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Case Rep Gastroenterol. 2010 Jan-Apr; 4(1): 25–30.
Published online 2010 February 3. doi:  10.1159/000254613
PMCID: PMC2988893

Endoscopic Biliary Drainage Using Guidewire Cannulation in a Case with Severe Duodenal Stenosis Caused by Duodenal Undifferentiated Carcinoma


We present a case of duodenal carcinoma, 12 cm in size, with severe stenosis at the second portion of the duodenum. When the patient developed obstructive jaundice, it was impossible to perform endoscopic biliary drainage by standard cannulation due to the stenosis, but was succeeded by wire-guided cannulation using papillotome. Histology of the tumor showed undifferentiated carcinoma without differentiation to any specific cell type. Systemic chemotherapy was started with 5-FU, leucovorin and oxaliplatin. Biliary stent worked well until the patient succumbed three months after. Herein we demonstrate the new advantage of wire-guided cannulation in case of duodenal stenosis.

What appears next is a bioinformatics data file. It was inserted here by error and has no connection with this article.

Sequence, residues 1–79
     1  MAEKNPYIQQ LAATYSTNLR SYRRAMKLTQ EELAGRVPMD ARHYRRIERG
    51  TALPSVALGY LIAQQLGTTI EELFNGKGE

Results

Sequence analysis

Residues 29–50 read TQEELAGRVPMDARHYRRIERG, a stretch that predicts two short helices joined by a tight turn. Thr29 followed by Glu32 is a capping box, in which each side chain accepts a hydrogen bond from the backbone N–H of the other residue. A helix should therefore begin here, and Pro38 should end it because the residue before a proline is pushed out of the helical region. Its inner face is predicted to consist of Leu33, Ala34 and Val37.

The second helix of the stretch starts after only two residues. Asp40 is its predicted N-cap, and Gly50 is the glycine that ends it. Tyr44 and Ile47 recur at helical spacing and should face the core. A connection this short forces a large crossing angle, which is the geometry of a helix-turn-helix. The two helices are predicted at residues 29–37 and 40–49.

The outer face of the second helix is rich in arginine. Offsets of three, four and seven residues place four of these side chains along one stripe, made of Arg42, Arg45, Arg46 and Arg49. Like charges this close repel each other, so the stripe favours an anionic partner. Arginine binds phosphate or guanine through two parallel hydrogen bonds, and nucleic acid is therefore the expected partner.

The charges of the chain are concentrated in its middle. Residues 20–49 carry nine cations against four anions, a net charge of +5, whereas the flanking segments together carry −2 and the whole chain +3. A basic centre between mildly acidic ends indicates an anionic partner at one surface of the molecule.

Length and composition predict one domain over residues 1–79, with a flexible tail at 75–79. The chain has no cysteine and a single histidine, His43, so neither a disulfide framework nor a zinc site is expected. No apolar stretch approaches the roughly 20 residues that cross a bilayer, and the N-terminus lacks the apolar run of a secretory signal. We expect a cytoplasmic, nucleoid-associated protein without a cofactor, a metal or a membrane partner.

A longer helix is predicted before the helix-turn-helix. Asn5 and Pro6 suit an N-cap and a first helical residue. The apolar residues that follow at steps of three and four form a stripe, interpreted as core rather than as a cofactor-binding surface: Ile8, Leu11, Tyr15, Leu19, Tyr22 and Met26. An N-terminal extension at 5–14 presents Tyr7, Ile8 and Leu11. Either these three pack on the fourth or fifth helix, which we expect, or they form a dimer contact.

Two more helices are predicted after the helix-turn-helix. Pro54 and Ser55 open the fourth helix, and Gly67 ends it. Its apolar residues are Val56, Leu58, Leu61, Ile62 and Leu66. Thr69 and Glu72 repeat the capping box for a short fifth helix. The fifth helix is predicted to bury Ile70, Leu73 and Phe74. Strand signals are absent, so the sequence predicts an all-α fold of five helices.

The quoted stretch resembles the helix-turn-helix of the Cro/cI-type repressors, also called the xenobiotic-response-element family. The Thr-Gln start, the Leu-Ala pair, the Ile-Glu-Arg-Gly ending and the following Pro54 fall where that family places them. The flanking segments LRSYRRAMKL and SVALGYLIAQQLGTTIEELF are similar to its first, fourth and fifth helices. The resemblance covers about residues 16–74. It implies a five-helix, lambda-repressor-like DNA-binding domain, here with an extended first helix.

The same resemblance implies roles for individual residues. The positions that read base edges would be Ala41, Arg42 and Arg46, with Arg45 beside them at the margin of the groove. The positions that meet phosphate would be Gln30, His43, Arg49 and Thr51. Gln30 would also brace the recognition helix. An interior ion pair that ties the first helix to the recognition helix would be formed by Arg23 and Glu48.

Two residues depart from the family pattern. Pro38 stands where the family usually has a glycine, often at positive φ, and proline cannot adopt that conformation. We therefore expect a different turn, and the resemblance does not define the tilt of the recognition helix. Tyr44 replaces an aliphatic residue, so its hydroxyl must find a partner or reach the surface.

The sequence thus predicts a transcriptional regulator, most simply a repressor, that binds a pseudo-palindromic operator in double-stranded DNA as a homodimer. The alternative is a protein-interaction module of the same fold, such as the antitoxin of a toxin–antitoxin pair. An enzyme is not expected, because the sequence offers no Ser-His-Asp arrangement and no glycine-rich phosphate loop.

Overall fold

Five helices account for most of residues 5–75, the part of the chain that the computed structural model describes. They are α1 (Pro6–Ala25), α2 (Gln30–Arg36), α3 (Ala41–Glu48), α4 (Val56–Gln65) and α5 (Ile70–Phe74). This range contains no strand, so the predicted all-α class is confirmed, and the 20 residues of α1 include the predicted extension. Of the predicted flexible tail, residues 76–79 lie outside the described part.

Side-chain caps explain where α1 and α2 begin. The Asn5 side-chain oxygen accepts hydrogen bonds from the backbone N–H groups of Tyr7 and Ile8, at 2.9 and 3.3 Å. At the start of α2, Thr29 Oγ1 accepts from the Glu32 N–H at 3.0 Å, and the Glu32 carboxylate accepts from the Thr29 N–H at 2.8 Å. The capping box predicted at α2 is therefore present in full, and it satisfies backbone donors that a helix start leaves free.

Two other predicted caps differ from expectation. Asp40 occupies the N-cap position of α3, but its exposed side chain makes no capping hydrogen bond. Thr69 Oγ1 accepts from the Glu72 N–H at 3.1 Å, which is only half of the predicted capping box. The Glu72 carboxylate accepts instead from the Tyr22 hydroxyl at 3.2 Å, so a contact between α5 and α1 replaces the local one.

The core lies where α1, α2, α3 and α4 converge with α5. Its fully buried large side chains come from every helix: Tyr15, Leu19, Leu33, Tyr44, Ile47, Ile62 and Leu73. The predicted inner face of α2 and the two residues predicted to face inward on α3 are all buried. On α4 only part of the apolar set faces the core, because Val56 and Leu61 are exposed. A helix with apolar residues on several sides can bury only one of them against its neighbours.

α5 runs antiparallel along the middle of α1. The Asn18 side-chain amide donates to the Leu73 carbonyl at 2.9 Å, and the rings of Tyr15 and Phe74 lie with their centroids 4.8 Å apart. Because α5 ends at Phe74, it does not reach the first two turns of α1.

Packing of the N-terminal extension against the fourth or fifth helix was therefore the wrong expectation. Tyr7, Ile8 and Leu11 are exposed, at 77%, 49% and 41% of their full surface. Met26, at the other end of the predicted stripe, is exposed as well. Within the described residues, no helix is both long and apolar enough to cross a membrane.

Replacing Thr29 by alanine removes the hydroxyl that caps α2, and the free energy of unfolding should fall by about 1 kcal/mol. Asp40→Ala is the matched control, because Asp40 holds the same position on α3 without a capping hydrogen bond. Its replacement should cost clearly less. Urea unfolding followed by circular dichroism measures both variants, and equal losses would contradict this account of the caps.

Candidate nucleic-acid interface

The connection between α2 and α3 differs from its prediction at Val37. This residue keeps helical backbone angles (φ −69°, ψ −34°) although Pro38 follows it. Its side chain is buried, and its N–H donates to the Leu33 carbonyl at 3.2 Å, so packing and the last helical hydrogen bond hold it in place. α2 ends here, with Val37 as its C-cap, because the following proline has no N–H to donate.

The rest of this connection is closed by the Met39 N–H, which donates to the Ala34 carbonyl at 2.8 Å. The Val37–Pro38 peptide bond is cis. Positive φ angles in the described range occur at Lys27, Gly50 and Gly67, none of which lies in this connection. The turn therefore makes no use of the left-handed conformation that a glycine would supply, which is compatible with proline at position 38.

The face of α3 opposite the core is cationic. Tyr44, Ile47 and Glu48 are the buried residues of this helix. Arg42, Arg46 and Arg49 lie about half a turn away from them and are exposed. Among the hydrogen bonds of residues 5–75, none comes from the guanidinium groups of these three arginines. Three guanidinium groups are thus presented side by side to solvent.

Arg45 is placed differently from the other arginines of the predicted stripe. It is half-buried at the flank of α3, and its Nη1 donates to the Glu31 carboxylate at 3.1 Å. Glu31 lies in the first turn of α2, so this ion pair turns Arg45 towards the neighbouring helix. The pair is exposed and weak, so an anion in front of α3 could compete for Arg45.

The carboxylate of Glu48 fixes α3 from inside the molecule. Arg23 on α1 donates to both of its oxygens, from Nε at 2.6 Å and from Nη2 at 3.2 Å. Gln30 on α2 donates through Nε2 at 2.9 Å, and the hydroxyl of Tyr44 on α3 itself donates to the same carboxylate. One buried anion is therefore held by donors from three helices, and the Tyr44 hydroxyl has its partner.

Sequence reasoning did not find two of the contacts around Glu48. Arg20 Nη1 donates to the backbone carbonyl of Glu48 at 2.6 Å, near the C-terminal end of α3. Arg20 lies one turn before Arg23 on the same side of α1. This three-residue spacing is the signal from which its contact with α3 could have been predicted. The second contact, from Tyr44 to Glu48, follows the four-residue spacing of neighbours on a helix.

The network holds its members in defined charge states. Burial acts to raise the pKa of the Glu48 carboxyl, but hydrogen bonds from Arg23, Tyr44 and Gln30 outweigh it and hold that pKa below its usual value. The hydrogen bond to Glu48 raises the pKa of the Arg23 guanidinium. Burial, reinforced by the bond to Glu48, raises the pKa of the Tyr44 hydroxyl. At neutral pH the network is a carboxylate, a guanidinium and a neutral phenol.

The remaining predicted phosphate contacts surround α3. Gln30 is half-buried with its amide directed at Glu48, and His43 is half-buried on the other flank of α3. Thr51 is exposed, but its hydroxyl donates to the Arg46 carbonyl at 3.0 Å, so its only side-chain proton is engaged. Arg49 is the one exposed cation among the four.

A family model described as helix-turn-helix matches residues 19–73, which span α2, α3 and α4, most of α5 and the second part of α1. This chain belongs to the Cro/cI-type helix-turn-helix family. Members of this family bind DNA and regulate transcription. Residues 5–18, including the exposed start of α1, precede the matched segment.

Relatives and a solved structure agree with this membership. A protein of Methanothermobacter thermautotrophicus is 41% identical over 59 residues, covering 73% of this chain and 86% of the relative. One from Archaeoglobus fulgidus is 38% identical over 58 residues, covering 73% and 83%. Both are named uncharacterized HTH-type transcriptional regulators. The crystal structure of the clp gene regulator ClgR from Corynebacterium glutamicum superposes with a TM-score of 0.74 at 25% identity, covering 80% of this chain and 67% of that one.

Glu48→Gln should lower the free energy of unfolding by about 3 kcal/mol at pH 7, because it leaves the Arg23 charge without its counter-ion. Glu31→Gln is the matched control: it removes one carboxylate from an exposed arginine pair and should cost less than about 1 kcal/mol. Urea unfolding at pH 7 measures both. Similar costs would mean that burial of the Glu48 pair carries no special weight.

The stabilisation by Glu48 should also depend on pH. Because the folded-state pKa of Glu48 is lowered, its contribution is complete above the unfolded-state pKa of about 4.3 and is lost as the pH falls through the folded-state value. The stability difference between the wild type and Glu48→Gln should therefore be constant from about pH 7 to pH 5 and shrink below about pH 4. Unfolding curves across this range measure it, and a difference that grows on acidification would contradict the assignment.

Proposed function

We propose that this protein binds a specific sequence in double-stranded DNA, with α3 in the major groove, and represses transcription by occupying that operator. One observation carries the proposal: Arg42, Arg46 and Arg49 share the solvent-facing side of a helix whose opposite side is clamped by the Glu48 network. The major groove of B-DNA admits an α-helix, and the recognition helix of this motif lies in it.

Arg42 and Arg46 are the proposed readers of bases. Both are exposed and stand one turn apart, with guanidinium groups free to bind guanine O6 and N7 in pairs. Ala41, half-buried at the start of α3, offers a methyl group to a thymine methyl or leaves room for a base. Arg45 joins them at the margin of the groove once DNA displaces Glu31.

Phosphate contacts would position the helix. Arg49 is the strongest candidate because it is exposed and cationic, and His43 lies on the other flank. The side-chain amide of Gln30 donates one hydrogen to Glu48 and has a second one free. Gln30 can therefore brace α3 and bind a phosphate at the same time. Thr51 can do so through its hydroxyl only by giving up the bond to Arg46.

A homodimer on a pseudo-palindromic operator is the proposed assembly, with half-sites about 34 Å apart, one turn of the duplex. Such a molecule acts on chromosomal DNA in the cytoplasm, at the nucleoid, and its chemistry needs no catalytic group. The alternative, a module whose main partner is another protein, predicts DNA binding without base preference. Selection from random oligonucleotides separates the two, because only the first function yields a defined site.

Key Words: Guidewire, Cannulation, Undifferentiated carcinoma, Biliary drainage


Wire-guided cannulation is a recently popular method to facilitate cannulation to the biliary duct during endoscopic retrograde cholangiopancreatography (ERCP) [1,2,3]. The success rate of biliary cannulation increased by about 20% of cases [2], however it has not been described in which cases the papillotome cannulation technique is the most advantageous. In case of duodenal stenosis due to massive tumor invasion, it is often difficult to perform ERCP, especially when the tumor involves the periampullary region. We report a case in whom endoscopic biliary drainage was successfully performed in spite of severe duodenal stenosis caused by undifferentiated carcinoma.

Case Report